So, Finney believed that the gospel should impact society in a positive way, and in his view, with true revival and the dynamic spread of the gospel, the millennial kingdom could be inaugurated.
And that brings us back to the so-called 7 Mountain Mandate which, in fact, means different things to different people.
There are some leaders today who believe in a “gospel takeover” of sorts. That, to repeat, is a dangerous and unbiblical concept, and I thoroughly reject it. And if that is what someone means by the “7 Mountain Mandate,” then I concur with the Got Questions website. (To be candid, however, I hear more of this “takeover” talk from the opponents of the 7 Mountains than from the proponents.)
There are others who hold postmillennial views similar to those of Edwards and Finney. And while those are not my own views, I do not consider them dangerous. They are full of optimism and faith. I simply think they are not biblical.
But the vast majority of leaders I know who emphasize the 7 Mountains do so for two reasons.
First, they believe we should not abandon these crucial areas of society.
Rather, we should be salt and light in the midst of them.
Why let the world dominate our universities, many of which were founded as Christian colleges?
Why let non-believers dictate the curriculum for our children in elementary school? Are no Christians called to teach and lead in the public school system, along with in Christian schools?
Why let the world control the airwaves? Shouldn’t we do our best to get our message out as well?
And why give up any involvement in the government and politics? After all, if it’s right to pray for kings and rulers to become Christians, it’s right for Christians to run for office.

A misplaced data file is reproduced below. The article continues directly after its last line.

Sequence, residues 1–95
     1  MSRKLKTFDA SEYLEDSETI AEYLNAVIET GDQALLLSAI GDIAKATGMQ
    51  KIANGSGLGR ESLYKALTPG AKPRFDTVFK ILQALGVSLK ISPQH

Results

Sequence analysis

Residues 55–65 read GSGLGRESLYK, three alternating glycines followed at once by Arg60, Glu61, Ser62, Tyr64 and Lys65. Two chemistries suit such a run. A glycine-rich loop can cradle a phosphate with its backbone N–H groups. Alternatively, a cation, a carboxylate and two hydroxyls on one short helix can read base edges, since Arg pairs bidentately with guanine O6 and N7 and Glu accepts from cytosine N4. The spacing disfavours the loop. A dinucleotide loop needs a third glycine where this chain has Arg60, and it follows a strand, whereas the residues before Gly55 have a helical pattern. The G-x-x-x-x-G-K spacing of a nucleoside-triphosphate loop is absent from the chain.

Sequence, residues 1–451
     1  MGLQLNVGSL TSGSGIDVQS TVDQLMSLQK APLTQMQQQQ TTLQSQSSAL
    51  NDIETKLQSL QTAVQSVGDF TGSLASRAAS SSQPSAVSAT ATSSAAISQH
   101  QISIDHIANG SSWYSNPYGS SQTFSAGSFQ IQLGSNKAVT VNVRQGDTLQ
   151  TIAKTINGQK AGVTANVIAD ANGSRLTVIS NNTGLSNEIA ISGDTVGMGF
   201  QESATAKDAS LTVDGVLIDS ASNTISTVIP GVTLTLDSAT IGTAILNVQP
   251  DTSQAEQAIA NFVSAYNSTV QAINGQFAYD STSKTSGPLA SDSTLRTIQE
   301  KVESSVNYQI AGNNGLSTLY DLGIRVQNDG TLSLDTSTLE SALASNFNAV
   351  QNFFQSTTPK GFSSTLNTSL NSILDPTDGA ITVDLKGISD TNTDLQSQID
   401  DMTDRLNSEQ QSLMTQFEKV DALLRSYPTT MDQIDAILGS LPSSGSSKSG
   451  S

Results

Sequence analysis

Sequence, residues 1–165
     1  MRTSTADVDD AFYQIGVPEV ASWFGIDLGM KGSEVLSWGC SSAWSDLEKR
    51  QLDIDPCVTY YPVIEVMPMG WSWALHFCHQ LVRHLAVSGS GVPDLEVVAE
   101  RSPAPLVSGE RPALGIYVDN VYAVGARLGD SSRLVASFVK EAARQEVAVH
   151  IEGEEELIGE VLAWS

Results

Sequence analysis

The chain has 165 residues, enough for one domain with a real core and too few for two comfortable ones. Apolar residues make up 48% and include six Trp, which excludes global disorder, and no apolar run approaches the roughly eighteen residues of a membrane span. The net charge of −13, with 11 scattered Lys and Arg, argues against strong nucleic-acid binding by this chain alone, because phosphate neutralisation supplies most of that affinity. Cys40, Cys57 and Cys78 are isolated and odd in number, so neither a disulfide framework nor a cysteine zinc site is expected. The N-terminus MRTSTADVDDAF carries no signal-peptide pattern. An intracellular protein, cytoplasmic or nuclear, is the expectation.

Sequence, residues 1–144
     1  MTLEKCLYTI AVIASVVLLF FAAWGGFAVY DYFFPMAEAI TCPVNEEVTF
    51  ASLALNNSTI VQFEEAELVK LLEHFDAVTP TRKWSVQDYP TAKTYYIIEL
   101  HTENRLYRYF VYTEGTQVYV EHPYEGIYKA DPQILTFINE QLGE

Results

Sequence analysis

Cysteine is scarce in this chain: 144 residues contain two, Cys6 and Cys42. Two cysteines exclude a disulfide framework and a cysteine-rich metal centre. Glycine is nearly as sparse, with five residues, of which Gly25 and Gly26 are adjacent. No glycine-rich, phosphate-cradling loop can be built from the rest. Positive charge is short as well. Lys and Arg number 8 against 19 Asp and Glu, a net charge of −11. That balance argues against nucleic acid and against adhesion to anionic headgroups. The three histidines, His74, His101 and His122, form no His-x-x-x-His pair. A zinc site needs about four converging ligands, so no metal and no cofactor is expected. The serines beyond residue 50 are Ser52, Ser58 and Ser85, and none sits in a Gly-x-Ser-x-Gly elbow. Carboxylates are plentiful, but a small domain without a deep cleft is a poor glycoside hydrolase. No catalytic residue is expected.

If we constantly complain about what’s wrong with our world, shouldn’t we do our best to make things better?
Second, evangelism is often much more effective when the surrounding social atmosphere is less hostile to Christians. This, I believe, was one of the major issues for Bill Bright and Loren Cunningham.
As expressed in another context by Martin Luther King, Jr., “The Christian gospel is a two-way road. On the one hand, it seeks to change the souls of men, and thereby unite them with God; on the other hand, it seeks to change the environmental conditions of men so the soul will have a chance after it is changed.”
Not only so, but when there is less hostility to the Christian message, there is often more openness to receive it. And certainly more ability to get the message out.
To the extent that this is what is meant by the 7 Mountain Mandate, I wholeheartedly embrace it. And to the extent that 7 Mountains means seeing every area of life as a mission field, I embrace that wholeheartedly as well.
In the words of Loren Cunningham, “Therefore, we can be missionaries, where the word 'missionary' means 'one sent', and one sent of Jesus, if you're a lawyer in a legal office, you are sent of God. You're sent to be his missionary, or if you're in Hollywood, or you're working as a dentist, or you're working as a doctor, everything you can do for the glory of God. You may be in the area of foodservices. The Bible says in Zach 14:20 that even the cooking pots will be called 'holy' to the Lord. That's foodservices. Or transportation. Everything from a bus driver to an airplane pilot or to a car dealer or whatever it is, it says even the veils of horses will be called holy to the Lord.”
At the same time, I do not believe the whole world will turn to God before Jesus returns.
And I abhor any kind of talk of a Christian “takeover” (although, again, I hear such terms used more by the critics of 7 Mountains than by the adherents).
But I embrace the goal of seeking to have a positive, godly impact in the world in which we live. And I believe that goes hand in hand with the Great Commission.
Why would anyone argue with that?